GOP senator wants mask decisions made locally
Gov. Tom Wolf and state Health Secretary Dr. Rachel Levine are adamant all students must wear a mask in Pennsylvania classrooms this year.
Sen. Doug Mastriano, R-Adams/Cumberland/Franklin/York, wants that decision to be made locally.
On Aug. 12, Mastriano introduced Senate Bill 1234, which would allow school districts to create an opt-out option for mandated mask wearing. The legislation was referred to the Senate’s Education Committee. The legislation itself simply states that a school district is not required to enforce a requirement for those on school grounds to wear a face covering under Wolf’s March 6 disaster emergency proclamation and any renewals of emergency powers.
“Local school boards and school directors know their communities better than state bureaucrats,” Mastriano wrote in his legislative memorandum.
“Therefore, school boards should have a role in implementing COVID-19 safety measures. After all, with 500 school districts statewide, there is no “one size fits all approach” when dealing with pandemic mitigation. Unfortunately, recent mandates have removed local school boards from the equation.”
Mastriano’s legislation faces an uphill battle to be enacted, and on Tuesday Wolf and Levine made clear that masks are to be worn practically at all times by students in school.
Masks must be worn in school, even when students and educators are 6 feet apart, Levine said.
“We have had questions about it and we’ve had enough questions that we wanted to clarify,” Levine said at a news conference. “That we mean that when the young people are wearing masks, that they are wearing masks that they are in their classroom even though they’re 6 feet apart, they should be wearing their masks.”
But with some private and career technical schools already open, school officials say it is another frustrating change in guidance. They say they had previously been told that students and educators could remove their masks in the classrooms if they were at least 6 feet apart.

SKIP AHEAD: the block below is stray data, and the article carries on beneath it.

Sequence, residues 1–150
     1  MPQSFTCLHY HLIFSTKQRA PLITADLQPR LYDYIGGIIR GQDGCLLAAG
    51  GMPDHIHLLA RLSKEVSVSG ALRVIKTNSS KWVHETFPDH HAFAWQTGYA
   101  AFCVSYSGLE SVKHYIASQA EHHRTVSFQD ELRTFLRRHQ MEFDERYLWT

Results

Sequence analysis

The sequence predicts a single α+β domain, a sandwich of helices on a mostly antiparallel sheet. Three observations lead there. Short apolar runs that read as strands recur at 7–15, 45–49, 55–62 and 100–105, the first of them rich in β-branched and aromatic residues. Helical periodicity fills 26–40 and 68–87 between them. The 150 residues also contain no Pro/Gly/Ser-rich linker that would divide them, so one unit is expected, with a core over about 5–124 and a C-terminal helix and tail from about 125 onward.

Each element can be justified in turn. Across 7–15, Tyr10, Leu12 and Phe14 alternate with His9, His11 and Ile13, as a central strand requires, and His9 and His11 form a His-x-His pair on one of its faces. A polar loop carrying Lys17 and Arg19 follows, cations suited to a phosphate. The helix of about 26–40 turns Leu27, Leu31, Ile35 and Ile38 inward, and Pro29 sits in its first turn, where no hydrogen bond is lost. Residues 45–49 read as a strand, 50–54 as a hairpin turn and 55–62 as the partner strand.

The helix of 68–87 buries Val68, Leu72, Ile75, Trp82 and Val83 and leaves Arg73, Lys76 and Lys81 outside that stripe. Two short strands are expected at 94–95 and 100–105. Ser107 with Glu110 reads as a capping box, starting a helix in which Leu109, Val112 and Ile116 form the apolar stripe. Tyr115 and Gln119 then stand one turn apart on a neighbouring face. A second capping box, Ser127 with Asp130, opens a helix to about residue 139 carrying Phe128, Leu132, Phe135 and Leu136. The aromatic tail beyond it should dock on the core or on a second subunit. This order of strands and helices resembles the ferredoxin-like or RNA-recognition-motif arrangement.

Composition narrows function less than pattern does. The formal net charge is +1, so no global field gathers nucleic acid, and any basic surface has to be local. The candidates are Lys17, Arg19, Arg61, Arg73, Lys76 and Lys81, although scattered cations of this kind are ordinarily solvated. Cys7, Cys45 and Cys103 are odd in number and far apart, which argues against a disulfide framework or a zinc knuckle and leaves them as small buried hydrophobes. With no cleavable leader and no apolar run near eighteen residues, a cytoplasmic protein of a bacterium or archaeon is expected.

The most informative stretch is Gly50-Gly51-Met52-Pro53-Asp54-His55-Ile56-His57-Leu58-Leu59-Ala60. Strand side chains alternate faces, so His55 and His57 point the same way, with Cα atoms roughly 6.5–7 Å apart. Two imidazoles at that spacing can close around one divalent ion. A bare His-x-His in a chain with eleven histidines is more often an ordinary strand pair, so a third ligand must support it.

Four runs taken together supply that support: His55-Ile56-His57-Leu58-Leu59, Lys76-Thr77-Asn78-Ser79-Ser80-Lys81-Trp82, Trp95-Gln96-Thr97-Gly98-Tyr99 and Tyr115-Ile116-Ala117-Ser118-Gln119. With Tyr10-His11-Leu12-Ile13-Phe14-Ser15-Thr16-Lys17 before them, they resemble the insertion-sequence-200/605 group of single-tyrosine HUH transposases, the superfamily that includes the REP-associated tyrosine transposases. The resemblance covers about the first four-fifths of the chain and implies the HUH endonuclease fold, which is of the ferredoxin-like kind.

“We all understand this is a fluid situation, things change as the virus continues its path,” said Mark DiRocco, executive director of the Pennsylvania Association of School Administrators. “But the sand shifting beneath the feet of school leaders makes it frustrating to deal with. It’s hard to make plans when things change on a weekly basis.”
The American Academy of Pediatrics says that universal face covering is ideal in schools, but not always possible in the school setting for many reasons.
DiRocco said it’s going to be a much more difficult task to ensure that students have a mask on their face throughout the day in a classroom setting, particularly in younger children through third grade.
“That’s just a lot to ask of them,” DiRocco said.
Levine, however, pointed to an expanded masking order issued July 1, which applies to all public and private schools and children 2 and older, the administration’s updated guidance said.
Exceptions to that are when students are 6 feet apart and eating or drinking or taking brief breaks, or when wearing a face-covering is unsafe to operate equipment or carry out a task.
A face-covering means covering the nose and mouth, and must be secured to the head with ties, straps or loops over the ears, or wrapped around the lower face, the guidance says.
Coverings can be made of various synthetic or natural fabrics, including cotton, silk or linen, and can include a plastic face shield that covers the nose and mouth, the guidance says.
In Connecticut, according to the Hartford Courant, two Connecticut parents have filed a state court appeal arguing a Connecticut Department of Education mandate that students returning to classrooms this fall wear face masks is unconstitutional.